About Caviar

History of Red Caviar

Russians usually call salmon caviar “red caviar”, but this was not always the case. Several centuries ago, sturgeon caviar was called red caviar in Russia although it is black in color. This misnomer occurred because the Russian words meaning “red” and “beautiful” share the same root.

red caviar picture The first writings about grained sturgeon caviar are dated around the 13th century, when caviar was served exclusively at the tables of royalty. On the other hand, grained salmon caviar is relatively new to world cuisine. Many sources wrongly cite the first appearance of salmon caviar back to the 17th century, at the time of the first Russian exploration of the Far East. In reality, salmon caviar was not utilized until the early 20th century. Even when active exploration of the Far East was conducted, the only use for salmon roe was in simply salting the whole egg sack—called a skein—rather than in grained caviar. The Japanese prepared sujiko, layering roe in skeins on straw mats to salt them. Salmon skeins were salted like black sturgeon caviar, using a dry salt method. This product had little demand in Russia and cost 20 kopecks for 1 slug, which is roughly equivalent to 32 pounds. Grained salmon caviar, the product that today’s Russians grew up with, was first used about 100 years ago. Russian ikryanshiki (caviar makers), who traditionally worked with sturgeon caviar, started producing grained salmon caviar and delivering it to western Russia. The ikryanshiki used a new method for salting caviar: instead of using dry salt, they used brine saturated with table salt. Before salting, the caviar was separated from the skein and rubbed through fine netting called grohot. The new product was called grained salmon caviar. In the beginning of the 20th century, there was a high demand for grained salmon caviar in Japan. The Russian recipe appealed to the Japanese because of its appearance and taste. Japanese entrepreneurs learned this new method of caviar making and called it ikura, a word that echoes the Russian word for caviar, ikra. The new ikra was appealed also to Russians, making salmon caviar a strong competitor to the rare and expensive black sturgeon caviar.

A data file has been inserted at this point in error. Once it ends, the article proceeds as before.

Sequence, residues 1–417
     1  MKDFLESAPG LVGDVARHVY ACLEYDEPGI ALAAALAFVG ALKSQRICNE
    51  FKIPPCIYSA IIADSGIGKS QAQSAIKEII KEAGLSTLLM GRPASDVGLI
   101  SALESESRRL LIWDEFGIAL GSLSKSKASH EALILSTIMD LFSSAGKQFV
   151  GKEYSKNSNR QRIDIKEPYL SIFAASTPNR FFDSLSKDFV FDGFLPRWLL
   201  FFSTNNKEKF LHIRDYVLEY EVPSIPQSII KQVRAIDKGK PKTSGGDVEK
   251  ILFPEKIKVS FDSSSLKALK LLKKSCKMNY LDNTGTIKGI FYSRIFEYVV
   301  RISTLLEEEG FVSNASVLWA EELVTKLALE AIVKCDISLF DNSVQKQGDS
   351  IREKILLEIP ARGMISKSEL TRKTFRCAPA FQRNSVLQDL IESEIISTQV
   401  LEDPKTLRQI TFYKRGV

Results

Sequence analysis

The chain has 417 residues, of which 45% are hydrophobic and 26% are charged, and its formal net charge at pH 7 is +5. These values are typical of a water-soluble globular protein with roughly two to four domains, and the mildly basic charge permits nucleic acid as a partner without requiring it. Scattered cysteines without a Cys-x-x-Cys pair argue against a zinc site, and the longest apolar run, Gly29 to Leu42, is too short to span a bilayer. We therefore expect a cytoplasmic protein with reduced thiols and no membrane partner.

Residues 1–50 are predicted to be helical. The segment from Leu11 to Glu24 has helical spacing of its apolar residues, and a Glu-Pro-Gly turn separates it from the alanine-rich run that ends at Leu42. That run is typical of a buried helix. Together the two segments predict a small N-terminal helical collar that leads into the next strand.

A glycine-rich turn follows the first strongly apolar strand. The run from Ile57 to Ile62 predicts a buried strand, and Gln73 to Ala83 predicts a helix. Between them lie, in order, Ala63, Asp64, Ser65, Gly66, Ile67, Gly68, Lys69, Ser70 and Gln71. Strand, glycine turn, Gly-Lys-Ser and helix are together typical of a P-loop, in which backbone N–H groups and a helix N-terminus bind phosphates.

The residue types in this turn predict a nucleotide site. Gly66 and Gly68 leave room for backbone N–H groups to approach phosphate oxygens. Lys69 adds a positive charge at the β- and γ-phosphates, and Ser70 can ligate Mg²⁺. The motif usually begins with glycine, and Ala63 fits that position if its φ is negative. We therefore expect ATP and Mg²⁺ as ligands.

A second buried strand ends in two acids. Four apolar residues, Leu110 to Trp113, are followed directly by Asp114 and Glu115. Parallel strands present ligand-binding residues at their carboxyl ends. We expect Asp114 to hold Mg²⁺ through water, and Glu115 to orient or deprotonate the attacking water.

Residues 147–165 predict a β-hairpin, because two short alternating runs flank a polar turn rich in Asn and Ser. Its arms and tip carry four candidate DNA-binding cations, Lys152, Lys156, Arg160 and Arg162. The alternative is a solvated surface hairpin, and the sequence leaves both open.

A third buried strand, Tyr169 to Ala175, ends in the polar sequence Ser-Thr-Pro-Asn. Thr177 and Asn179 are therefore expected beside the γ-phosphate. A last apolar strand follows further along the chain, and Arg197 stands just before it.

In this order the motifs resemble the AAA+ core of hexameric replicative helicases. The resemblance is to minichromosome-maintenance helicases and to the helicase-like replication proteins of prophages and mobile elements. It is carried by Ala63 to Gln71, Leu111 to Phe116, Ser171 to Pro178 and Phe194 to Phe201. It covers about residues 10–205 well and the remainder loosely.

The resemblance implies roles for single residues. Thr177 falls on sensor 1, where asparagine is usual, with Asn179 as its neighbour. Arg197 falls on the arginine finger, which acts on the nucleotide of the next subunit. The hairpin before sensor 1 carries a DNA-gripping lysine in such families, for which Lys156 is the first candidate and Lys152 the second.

Salmon caviar became known as “red caviar” in the time of the Soviet Union. In this case “red” referred to the caviar’s color to better distinguish it from black sturgeon caviar. In the USSR, red caviar was produced in only one size of packaging containing only 140 grams. This was consistent throughout the country because the production of caviar was government controlled. Black and red caviar were both in high demand making it extremely hard to acquire unless one had high-end connections. It was very hip to have black and red caviar sandwiches on the table in the 70’s and 80’s in Russia.
Two salmons Our product comes from Chum, Pink and Sockeye salmon known for producing superior Red Caviar
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